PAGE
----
Facebook Social Button Twitter Social Button Follow Us on InstagramYouTube Social Button Follow Me on Pinterest
NewsBlogsLive ScoresTV ListingsTournamentsVideosInstructionRankingsPlayersPodcastsMagazine


By Jack Martin | Monday, July 3, 2017

 
Novak Djokovic

Novak Djokovic warmed up for Wimbledon winning the Eastbourne title.

Photo credit: Stephen White/CameraSport

Wimbledon has belonged to the Big 4 for 14 years.

Indeed, you would have to go back as far as 2002, when Lleyton Hewitt became Wimbledon champion, to find the last time someone other than Roger Federer, Rafael Nadal, Novak Djokovic or Andy Murray won the men’s Wimbledon title.

Watch: 10 Stats To Get You Primed For Wimbledon

Hence, with all four stars set to compete once more this year, it would take a brave man or woman to bet against the prestigious quartet ruling the roost at Wimbledon yet again.

Here we analyze how the top four seeds are shaping up ahead of their start in London.

Roger Federer

Wimbledon record: 87-11

Best Wimbledon result: Winner (2012, 2009, 2007, 2006, 2005, 2004, 2003)

2016 Wimbledon result: Semi-Finals

2017 Record: 24-2

Best 2017 results: Champion: Miami, Indian Wells, Australian Open



After a glorious first half to the season, for the first time in five years, Federer will begin his 19th Wimbledon campaign as the firm favourite. Playing as well as he ever has, the Swiss Maestro has returned to 2017 in optimal form, displaying a reinvented backhand, fearless forehands and ultra-attacking movement too hot for his opponents to handle. The seismic titles in Australia, Indian Wells, Miami and Halle were testament to his resurgence and showed that the 35-year-old is still capable of golden moments. Seven times the champion in SW19, if Federer can get through the early rounds unscathed and maintain his fitness, he will certainly be a hard act to stop in London.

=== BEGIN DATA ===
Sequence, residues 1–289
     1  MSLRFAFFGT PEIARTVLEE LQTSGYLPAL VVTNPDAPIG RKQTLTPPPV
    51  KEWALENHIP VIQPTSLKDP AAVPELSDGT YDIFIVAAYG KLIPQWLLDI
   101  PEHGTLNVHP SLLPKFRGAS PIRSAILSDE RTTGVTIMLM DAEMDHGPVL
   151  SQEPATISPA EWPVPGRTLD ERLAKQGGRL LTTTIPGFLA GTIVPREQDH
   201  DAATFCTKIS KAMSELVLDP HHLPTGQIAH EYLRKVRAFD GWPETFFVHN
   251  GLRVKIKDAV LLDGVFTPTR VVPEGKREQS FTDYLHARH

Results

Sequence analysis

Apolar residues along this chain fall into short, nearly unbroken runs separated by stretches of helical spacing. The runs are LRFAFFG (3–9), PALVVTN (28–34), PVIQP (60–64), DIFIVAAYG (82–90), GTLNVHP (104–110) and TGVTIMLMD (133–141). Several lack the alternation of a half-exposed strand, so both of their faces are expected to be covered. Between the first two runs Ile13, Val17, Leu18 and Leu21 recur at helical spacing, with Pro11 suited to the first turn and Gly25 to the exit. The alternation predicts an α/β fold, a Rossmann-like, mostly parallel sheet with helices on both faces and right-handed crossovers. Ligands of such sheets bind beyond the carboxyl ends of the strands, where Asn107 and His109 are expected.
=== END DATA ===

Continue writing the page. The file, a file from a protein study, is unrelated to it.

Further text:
Roger Federer on Wimbledon: "If (Andy Murray is) anything close to 100 percent physically, I consider him one of the big favorites to win the tournament. It's that simple. It's the same for Novak and the same for Rafa.

"I think it's very even when we put it all out on the line. Everybody has their own little story right now. For me, everything that happened sort of before, Queen's for Andy, whatever, doesn't matter so much because I feel like Andy's one of the best players in the first week at Wimbledon, so I don't worry too much for him there. He can play himself into shape hopefully for week two."

Rafael Nadal

Wimbledon record: 40-9

Best Wimbledon result: Winner (2010, 2008)

2016 Wimbledon result: DNP

2017 Record: 43-6

Best 2017 results: Champion Roland Garros, Madrid, Barcelona, Monte Carlo



Having crushed the rest of the field to dominate the clay court season and win an historic 10th French Open title, Nadal comes into Wimbledon full of confidence, belief and momentum. Like Federer, the Spaniard has started this season reinvigorated, sharp and motivated, with his forehands much stronger and his movement much quicker across the court.